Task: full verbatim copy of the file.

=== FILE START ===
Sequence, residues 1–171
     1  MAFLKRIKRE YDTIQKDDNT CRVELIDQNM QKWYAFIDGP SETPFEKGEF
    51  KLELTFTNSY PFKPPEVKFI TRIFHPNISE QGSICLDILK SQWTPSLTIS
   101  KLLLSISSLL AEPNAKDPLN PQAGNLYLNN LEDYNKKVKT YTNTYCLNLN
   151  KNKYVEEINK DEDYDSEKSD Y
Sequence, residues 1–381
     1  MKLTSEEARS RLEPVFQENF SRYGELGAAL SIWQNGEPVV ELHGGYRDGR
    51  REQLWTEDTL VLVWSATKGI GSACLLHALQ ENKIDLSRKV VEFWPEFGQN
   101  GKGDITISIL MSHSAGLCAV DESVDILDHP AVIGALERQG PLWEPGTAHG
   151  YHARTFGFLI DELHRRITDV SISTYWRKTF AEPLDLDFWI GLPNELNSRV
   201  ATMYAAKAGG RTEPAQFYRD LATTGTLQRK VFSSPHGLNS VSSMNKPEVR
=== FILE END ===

Sequence, residues 1–171
     1  MAFLKRIKRE YDTIQKDDNT CRVELIDQNM QKWYAFIDGP SETPFEKGEF
    51  KLELTFTNSY PFKPPEVKFI TRIFHPNISE QGSICLDILK SQWTPSLTIS
   101  KLLLSISSLL AEPNAKDPLN PQAGNLYLNN LEDYNKKVKT YTNTYCLNLN
   151  KNKYVEEINK DEDYDSEKSD Y
Sequence, residues 1–381
     1  MKLTSEEARS RLEPVFQENF SRYGELGAAL SIWQNGEPVV ELHGGYRDGR
    51  REQLWTEDTL VLVWSATKGI GSACLLHALQ ENKIDLSRKV VEFWPEFGQN
   101  GKGDITISIL MSHSAGLCAV DESVDILDHP AVIGALERQG PLWEPGTAHG
   151  YHARTFGFLI DELHRRITDV SISTYWRKTF AEPLDLDFWI GLPNELNSRV
   201  ATMYAAKAGG RTEPAQFYRD LATTGTLQRK VFSSPHGLNS VSSMNKPEVR